By Co-op Directors, Jessika Villano & Andrew Gordon

Originally appeared in Cannabis Retailer Magazine

In the July/August 2020 edition of Cannabis Retailer, the editor asked us to consider if Canada was a world cannabis leader. As proud Canadians, we all wanted the answer to be a resounding YES. Unfortunately, we know the jury is still out.

The reality is that the original public interest goals of our ground breaking Cannabis Act are not being achieved. The Act was supposed to reduce and gradually eliminate the illicit market. Instead, almost two years into the project, it has missed the mark by failing to offer a viable alternative.

Why are the vast majority of BC cannabis consumers still looking outside the legal market for their supply? The article touched on many reasons that retailers, consumers, and taxpayers are paying a price for this failure. In our opinion, Canada’s inability to transition BC’s world renowned craft cannabis farmers to the legal market is at the heart of the matter.

The Cannabis Act was supposed to facilitate the participation of small farmers in the legal market. This is not happening either. Of the one million+ square metres of legal indoor and outdoor cannabis cultivation space approved by Health Canada across the country as of February 1, 2020, craft cannabis farmers account for a microscopic 0.17%. Only 15 BC micro-cultivators have been approved over the first 21 months of legalization.

The current Health Canada micro-production and processing regulations are so burdensome that thousands of BC cannabis farmers cannot afford to transition to the regulated market. Most need $200,000 to over $1 million just to be eligible to make the move.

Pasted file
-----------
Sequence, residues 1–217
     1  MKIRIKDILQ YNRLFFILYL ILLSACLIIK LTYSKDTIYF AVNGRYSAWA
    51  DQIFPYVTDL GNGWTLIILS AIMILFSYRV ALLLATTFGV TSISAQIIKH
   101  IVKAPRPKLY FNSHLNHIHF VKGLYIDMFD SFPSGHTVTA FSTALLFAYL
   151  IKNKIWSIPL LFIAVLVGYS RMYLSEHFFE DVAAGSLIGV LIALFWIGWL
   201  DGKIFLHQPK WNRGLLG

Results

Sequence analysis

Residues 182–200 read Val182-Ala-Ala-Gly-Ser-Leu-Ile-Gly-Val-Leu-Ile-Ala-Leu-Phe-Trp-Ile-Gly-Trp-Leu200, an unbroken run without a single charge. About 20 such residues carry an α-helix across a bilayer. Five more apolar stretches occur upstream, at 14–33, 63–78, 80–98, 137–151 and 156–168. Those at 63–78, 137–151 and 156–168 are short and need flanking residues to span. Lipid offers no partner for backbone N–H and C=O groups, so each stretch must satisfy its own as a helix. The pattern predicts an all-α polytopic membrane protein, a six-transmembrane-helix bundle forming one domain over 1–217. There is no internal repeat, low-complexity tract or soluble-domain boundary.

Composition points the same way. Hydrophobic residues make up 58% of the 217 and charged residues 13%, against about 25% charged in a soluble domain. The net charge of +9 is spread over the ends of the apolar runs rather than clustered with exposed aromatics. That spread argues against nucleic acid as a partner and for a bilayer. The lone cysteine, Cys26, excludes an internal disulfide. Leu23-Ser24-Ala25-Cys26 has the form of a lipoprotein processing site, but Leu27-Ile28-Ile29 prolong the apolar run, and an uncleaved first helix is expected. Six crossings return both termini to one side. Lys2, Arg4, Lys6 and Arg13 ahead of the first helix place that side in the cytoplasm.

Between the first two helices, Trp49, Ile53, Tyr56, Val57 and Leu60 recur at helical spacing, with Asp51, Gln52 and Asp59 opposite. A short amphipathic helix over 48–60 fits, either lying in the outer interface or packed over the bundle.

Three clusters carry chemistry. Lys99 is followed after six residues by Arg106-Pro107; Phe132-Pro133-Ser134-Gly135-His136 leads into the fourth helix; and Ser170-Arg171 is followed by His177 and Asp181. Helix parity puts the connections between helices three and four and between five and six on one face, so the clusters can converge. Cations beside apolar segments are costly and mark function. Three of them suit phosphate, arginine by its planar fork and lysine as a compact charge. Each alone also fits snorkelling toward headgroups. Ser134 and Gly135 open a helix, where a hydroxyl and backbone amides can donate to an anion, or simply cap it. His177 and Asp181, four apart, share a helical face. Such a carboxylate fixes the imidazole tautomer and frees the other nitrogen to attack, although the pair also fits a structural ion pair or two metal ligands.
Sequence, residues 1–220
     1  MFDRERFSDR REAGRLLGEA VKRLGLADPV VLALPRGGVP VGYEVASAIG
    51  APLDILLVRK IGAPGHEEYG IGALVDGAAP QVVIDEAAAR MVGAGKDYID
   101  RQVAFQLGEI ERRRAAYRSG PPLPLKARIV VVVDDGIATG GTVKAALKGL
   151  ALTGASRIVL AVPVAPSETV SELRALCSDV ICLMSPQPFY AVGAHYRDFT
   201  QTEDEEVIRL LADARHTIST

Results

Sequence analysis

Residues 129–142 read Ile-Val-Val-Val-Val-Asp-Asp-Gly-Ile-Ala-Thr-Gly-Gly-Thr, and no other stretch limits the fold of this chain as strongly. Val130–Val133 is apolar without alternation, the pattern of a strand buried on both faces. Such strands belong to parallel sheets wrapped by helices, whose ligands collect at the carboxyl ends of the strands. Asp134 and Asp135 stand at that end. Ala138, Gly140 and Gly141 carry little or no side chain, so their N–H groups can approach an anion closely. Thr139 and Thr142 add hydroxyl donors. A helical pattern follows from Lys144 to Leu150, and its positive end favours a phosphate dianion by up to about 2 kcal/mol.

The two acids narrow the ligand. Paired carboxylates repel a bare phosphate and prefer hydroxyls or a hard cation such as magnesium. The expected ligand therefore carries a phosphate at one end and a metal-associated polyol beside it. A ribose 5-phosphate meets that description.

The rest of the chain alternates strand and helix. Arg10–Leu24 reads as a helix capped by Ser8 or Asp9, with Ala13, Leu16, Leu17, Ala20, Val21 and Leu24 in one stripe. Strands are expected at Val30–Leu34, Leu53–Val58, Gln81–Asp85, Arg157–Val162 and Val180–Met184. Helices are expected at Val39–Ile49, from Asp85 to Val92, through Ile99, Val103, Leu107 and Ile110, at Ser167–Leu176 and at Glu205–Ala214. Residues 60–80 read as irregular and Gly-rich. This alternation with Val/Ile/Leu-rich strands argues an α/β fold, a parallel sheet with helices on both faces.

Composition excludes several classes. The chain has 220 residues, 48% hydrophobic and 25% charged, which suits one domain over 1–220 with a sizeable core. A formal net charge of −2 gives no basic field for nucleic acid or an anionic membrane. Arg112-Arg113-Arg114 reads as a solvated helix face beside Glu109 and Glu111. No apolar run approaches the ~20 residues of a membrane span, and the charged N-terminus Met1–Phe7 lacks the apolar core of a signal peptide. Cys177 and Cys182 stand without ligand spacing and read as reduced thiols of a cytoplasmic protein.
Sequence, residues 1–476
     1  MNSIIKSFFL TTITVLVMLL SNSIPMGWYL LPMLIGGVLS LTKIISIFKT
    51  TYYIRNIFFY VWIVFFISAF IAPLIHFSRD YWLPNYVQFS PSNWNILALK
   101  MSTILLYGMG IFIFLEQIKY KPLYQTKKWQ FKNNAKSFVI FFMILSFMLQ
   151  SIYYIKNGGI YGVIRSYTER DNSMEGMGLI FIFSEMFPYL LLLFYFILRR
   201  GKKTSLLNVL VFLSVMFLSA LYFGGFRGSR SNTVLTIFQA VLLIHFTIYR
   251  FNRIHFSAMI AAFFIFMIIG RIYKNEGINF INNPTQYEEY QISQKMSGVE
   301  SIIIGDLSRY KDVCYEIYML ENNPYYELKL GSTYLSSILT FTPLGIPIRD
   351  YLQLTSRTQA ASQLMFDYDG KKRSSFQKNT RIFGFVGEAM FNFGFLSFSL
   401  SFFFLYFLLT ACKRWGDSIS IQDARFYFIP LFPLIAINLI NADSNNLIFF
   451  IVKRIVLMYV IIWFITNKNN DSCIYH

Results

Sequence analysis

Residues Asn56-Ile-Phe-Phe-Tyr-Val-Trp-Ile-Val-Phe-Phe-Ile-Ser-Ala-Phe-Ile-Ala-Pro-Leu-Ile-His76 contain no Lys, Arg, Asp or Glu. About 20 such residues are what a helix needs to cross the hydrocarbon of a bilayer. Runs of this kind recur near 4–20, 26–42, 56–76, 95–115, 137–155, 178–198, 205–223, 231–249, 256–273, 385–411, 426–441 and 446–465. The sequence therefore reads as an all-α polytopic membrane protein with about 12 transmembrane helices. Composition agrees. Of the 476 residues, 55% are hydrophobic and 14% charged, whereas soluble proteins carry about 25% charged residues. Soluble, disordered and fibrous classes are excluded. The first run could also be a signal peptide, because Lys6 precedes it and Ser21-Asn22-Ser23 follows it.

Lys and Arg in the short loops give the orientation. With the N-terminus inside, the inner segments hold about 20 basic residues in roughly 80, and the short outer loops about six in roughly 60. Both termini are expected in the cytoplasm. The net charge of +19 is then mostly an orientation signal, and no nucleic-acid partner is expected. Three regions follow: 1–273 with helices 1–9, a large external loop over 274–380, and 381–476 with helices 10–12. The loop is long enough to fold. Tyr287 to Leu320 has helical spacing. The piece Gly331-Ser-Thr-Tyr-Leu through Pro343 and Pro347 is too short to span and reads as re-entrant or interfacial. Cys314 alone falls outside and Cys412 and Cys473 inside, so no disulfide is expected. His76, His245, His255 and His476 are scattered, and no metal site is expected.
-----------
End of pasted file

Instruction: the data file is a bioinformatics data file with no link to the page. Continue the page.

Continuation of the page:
While a restrictive approach may have been prudent at the start of this project, Canada’s over-regulation has fueled the illicit market and prevented BC’s craft cannabis sector from getting its product into retail stores across BC, Canada, and around the world. Thousands of BC Craft Farmers Needed by Jessika Villano and Andrew Gordon.

While the Cannabis Act legalized our ability to process, it did not legalize our traditional supply. This is a fundamental problem. With a globally recognized brand and the most craft cannabis farmers in the country, BC’s economy has the most to lose if these innovators are not provided with a chance to fully apply their skill and experience in the new market.

An economic analysis prepared last June confirmed 2,000 craft farmers can create over 4,000 direct and domestic jobs over the next 12-18 months. With these legal jobs, all levels of government will divide approximately $400 million in new revenue.

As Canada and BC develop economic recovery strategies, they should seriously consider the unique opportunity presented by our craft cannabis sector.

It may be that things are starting to change.